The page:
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South Klondike Highway

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South Klondike Highway

The South Klondike Highway is not only the most scenic route to the Yukon and Interior Alaska, it also is a vital commercial link. You will be driving this highway with large trucks hauling various commodities, and large buses carrying other tourists. Also watch for bicycle tours and sightseers. Drive safely and enjoy the ride.

Skagway is 110 miles from downtown Whitehorse. The South Klondike Highway junction is 12 miles south of Whitehorse. Travellers then cross another 46-miles of Yukon, 37 miles of British Columbia and 15 miles of Alaska. The descent from the 3,292 ft. White Pass highway summit to Skagway’s sea level is accomplished over a distance of 14 miles. The route is very scenic and wildlife is commonly seen along the many lakes and waterways. The White Pass & Yukon Route offers rail tours on its historical narrow gauge railroad through the White Pass if you prefer to relax and enjoy the same sights experienced by gold rush stampeders.

Mile 0.0

Skagway

Population 968
More information and maps

Olivia’s Bistro

Phone: (907) 983-2289, Reservations 1-888-752-4929 (Toll Free)

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Mile 2.1

Dyea Junction
Advisory: Use extreme caution when driving the narrow Dyea Road. Observe the speed limit, and pull off in turnouts to allow oncoming traffic to pass.

Mile  2.5

Liarsville Road

Mile 4.4

Black Lake

Mile 5.2

Historic Display
Turnout allows view of railroad and the remains of the Brackett Wagon Road on the east side of the canyon.

Mile 6.0

Porcupine Creek

Mile 7.0

U.S. Customs & Immigration Border Station
Open 7 a.m. to 11 p.m. (Alaska time). All persons entering the U.S. from Canada must report here. Passports required.

Mile 7.2

Pitchfork Falls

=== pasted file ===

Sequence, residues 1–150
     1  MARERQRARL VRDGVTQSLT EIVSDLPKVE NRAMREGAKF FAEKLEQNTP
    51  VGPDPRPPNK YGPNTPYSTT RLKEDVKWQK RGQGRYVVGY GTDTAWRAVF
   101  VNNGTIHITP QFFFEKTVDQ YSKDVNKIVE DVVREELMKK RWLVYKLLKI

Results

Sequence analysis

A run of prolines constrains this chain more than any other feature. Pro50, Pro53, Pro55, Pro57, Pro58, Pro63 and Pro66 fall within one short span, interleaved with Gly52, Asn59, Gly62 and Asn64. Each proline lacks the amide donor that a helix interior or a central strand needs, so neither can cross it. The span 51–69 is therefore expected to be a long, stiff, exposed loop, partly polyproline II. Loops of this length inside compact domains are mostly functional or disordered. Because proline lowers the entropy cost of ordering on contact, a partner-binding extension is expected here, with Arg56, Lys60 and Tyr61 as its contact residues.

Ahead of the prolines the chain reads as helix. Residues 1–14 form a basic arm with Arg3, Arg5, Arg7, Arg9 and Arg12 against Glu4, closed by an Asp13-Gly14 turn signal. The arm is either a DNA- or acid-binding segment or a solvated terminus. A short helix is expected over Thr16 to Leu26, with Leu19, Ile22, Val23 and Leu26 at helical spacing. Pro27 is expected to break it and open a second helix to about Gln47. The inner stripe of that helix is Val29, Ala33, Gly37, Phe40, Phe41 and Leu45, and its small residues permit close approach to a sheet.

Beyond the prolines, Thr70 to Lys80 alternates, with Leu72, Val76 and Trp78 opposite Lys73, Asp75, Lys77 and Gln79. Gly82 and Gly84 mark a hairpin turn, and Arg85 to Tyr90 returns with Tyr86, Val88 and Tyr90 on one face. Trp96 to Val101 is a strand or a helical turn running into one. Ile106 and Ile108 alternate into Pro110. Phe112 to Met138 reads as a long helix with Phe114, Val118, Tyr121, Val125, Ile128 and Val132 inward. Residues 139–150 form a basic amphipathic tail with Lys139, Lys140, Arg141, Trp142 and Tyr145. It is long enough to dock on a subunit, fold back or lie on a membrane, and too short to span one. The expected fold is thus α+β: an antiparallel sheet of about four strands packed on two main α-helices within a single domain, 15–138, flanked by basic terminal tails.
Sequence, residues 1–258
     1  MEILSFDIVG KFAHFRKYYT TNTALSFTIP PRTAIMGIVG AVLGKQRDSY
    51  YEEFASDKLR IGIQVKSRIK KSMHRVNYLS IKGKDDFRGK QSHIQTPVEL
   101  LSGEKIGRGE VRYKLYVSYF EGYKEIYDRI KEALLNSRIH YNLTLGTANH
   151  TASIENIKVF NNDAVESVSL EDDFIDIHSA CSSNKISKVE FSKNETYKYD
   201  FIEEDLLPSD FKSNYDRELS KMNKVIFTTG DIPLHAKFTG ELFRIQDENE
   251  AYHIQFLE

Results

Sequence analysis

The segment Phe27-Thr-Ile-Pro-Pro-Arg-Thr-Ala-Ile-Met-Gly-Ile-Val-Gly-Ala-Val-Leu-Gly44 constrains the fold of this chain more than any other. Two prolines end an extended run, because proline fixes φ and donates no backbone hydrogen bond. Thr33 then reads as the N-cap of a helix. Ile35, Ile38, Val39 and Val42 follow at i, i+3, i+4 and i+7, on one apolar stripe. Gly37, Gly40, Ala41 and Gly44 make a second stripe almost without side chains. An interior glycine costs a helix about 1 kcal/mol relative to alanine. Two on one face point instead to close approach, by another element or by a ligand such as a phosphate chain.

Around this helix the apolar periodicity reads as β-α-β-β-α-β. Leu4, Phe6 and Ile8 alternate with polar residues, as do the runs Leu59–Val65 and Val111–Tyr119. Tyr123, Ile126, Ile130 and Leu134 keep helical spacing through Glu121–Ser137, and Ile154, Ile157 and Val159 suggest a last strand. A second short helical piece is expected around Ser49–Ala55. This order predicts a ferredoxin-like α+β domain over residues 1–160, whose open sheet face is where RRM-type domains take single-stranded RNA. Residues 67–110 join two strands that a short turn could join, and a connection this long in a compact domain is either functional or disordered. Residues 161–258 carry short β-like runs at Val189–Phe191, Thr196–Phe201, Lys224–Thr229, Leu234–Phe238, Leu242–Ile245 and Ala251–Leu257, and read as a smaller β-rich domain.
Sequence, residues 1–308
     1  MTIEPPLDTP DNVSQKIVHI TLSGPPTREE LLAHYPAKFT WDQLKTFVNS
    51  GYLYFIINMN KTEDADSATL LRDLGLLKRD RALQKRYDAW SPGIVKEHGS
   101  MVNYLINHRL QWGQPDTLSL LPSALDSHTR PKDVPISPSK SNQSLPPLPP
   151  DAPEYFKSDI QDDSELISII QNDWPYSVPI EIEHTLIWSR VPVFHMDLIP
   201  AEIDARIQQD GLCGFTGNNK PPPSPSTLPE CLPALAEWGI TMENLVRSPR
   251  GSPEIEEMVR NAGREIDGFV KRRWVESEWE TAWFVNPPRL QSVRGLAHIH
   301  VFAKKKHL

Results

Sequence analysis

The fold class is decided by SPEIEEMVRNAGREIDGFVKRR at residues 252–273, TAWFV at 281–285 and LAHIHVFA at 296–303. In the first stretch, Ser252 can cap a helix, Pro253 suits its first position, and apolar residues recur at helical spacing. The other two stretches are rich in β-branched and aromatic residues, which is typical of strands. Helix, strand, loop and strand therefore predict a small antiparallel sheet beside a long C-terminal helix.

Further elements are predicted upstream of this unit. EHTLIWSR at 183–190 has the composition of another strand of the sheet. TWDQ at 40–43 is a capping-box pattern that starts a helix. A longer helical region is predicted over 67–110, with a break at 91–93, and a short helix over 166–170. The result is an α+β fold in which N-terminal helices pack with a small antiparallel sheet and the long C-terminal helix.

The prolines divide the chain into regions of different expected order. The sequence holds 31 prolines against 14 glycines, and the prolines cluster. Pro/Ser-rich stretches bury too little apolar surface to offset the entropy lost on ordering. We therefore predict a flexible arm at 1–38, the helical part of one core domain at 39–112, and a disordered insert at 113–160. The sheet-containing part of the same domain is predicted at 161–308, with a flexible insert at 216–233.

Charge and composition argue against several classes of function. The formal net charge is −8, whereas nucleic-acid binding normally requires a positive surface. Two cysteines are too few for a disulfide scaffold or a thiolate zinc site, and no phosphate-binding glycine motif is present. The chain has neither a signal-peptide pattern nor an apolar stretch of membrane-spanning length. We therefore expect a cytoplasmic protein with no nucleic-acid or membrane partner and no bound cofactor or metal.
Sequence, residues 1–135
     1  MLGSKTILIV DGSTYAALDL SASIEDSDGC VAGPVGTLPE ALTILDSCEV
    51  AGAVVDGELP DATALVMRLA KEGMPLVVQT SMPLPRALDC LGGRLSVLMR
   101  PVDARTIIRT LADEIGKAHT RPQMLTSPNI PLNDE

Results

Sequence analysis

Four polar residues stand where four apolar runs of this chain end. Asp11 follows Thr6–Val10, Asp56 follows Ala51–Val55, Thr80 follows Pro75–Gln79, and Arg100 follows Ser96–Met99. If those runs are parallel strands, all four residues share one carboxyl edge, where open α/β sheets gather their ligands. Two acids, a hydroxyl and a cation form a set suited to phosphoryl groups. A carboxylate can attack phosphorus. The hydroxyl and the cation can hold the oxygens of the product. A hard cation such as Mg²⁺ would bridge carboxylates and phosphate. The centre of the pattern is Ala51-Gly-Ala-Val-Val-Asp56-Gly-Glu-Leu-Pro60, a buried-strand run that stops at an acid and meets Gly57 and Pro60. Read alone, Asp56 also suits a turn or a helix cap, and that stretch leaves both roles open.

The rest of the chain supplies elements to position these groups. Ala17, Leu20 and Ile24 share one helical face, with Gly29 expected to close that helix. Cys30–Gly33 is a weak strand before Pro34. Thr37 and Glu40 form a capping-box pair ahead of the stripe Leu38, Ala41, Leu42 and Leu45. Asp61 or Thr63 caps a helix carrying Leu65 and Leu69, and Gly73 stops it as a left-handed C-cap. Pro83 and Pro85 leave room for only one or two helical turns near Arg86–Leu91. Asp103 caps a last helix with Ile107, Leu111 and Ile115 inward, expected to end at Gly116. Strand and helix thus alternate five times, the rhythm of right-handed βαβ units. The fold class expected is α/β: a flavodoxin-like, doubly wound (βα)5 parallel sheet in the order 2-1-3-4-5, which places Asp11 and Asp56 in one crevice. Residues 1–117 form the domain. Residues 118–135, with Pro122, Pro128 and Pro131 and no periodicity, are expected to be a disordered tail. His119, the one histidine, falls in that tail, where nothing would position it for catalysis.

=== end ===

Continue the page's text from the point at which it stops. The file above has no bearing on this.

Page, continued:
Mile 10.0

Bridal Veil Falls

Mile 10.8

Capt. Moore Bridge.

Mile 11.3

Skagway Valley

Mile 14.0

Summit
Just before the border, highway tops out at 3,290 feet above sea level. Displays on International Borderlands.

Mile 14.4

“Welcome To Alaska” Sign & Klondike Gold Rush Monument

Mile 14.5

International Border Falls, B.C.

Mile 16.3

Summit Lake

Mile 22.2

Fraser, B.C. & Canada Customs
Open 7 a.m. – 11 p.m. (Alaska time). All persons entering Canada from the U.S. must stop and report. Highway follows railroad. Old water tower is last one standing on the railroad. Turnout just past Customs features display on the Yukon and B.C. View of Bernard Lake.

Mile 26.5

Teepee Valley

Mile 27.0

Log Cabin

Mile 30.0

Tutshi River & Falls • Yukon Suspension Bridge

Mile 35.0

Tutshi Lake

Beginning of a beautiful stretch of highway that runs along the west side of the lake (pronounced “Too Shy”) for about 10 miles.

Mile 39.6

Tutshi Picnic Area

Mile 45.0

Road rises to high point between Lakes Tutshi and Tagish and passes site of a 1980s stamp mill for the Venus mines that never operated.

Mile 48.5

Windy Arm, Tagish Lake

Mile 49.5

B.C.-Yukon Border Pullout

Mile 51.5

Venus Mine

Mile 58.7

Bove Island

Mile 65.0

Nares Lake

Mile 65.2

Carcross